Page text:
In the mean time, the Mets’ bullpen has been an unexpected source of strength, in large part due to sticking with pitchers who’d been around last year, too. Not replacing Jeurys Familia, Jenrry Mejia, Carlos Torres and Vic Black with the relievers considered was a good move.
Of course, not all of the players the Mets passed on are having bad seasons. Yes there’s Cruz, noted above, but there are others, too, who could have helped the Metropolitans out.
Marlon Byrd is another power source that could have helped the offense, especially early on in the season. The club considered bringing Byrd back to New York for 2014 after trading him at the 2013 trading deadline to Pittsburgh. Instead, he returned to Philadelphia, where he started his career. He has 18 home runs and 54 RBI so far this season for the Phillies, where he’s started 91 games in right field. After hitting only 1 home run in April, Granderson has picked up the pace and worked his total up to 14 at the break. The big difference is, Byrd is owed just $16MM over two years, compared with Granderson’s 4-year, $60MM deal. Granderson’s defense may make him seem more valuable, but Byrd might have ultimately been a safer choice here. A better assessment can be made once Granderson’s four years are up.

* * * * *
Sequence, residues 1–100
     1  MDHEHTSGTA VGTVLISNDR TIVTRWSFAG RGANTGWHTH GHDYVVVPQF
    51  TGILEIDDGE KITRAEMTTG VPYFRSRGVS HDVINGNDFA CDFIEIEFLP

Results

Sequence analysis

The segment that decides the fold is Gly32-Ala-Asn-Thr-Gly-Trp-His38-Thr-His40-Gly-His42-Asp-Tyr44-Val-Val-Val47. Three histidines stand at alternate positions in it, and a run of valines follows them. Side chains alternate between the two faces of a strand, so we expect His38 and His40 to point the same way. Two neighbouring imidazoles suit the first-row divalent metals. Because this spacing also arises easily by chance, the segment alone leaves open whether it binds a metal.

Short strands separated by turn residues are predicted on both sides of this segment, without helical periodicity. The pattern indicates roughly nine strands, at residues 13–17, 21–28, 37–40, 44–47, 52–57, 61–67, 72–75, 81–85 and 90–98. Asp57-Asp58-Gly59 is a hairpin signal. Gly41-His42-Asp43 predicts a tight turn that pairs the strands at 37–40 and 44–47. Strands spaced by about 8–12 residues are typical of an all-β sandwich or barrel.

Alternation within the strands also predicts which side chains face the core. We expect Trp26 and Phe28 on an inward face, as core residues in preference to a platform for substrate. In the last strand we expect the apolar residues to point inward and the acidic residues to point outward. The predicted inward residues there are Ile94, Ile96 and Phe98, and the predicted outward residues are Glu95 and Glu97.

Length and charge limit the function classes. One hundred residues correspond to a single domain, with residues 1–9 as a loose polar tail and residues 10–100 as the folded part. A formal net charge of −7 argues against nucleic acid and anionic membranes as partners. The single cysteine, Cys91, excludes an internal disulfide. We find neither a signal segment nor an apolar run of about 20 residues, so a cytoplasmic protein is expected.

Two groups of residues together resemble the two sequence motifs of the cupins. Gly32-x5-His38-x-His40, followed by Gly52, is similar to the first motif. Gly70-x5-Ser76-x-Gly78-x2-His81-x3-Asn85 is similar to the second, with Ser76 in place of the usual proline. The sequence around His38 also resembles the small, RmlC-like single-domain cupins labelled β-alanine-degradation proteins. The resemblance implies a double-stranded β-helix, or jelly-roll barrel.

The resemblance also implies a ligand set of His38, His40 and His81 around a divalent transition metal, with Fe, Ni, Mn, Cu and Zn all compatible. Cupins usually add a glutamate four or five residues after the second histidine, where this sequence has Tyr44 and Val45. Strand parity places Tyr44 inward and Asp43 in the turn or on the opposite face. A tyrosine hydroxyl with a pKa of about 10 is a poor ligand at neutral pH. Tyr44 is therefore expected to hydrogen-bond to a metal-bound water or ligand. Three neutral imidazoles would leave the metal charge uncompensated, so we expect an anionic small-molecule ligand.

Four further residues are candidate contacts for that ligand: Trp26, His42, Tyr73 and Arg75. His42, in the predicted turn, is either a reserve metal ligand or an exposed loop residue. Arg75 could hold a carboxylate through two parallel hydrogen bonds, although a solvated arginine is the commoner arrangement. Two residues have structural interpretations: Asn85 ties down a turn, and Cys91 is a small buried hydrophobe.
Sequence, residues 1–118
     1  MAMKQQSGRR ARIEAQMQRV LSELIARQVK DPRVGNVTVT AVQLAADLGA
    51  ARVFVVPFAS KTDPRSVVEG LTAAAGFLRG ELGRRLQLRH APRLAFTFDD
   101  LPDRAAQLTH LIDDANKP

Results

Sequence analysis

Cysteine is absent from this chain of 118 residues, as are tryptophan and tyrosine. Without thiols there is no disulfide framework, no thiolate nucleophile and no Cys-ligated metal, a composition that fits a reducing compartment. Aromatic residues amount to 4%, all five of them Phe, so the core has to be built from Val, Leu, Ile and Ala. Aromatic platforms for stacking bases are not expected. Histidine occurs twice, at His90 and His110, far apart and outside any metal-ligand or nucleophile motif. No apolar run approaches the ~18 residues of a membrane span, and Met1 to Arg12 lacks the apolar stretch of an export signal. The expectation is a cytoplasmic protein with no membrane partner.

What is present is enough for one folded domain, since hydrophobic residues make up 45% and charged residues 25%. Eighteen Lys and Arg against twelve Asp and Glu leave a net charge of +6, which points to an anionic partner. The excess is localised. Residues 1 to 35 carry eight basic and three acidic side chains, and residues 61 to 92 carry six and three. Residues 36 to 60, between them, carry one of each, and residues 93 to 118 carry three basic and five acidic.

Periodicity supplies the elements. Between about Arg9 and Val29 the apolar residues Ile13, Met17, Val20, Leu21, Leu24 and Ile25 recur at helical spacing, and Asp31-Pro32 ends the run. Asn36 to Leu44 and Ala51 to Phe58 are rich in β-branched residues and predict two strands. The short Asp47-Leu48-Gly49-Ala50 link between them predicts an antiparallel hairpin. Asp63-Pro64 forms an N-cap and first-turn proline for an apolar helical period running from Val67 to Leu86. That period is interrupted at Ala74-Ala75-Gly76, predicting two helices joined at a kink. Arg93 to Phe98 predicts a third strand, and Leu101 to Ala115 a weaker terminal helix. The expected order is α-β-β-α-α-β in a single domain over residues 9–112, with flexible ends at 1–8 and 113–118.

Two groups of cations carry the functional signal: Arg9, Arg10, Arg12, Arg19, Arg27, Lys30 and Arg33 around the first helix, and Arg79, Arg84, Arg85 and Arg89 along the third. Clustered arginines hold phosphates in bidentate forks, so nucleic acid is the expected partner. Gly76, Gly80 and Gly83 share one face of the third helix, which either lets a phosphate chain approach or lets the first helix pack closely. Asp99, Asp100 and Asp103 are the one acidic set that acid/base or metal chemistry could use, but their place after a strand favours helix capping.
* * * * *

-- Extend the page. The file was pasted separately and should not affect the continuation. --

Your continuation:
At first base, the Mets looked into signing Cuban slugger Jose Abreu but bowed out pretty early on. The White Sox signed him instead. Now, the South Siders have the American League leader in home runs, as he has 29 dingers with 73 RBI. The Rookie of the Year candidate has a strong case, despite missing some time on the DL. Abreu would have put both Ike Davis and Lucas Duda out of a job — as opposed to the platoon followed by trade that the team used instead — but his production would have justified the team’s giving up on the two homegrown first basemen.
Instead of sticking with Tejada on the shortstop front, the Mets also considered Jhonny Peralta. Peralta is hitting .253/.326/.457 with the Cardinals. He has 14 home runs and 44 RBI, along with 25 doubles. That’s the quantity of production the Mets haven’t seen out of shortstop since Jose Reyes, and the kind — power — they haven’t seen in ages. Extra-base hits from that position would bolster the lineup, and 14 home runs at the break from a shortstop other than Tulowitzki is certainly not something to scoff at. In fact, the only other shortstop with more than 11 at this point is Ian Desmond.
Ultimately, the point here is that the offseason is a mixed bag. Sometimes, a team makes great moves, and sometimes, the decisions aren’t as stellar.
Sarah is an intern for SNY.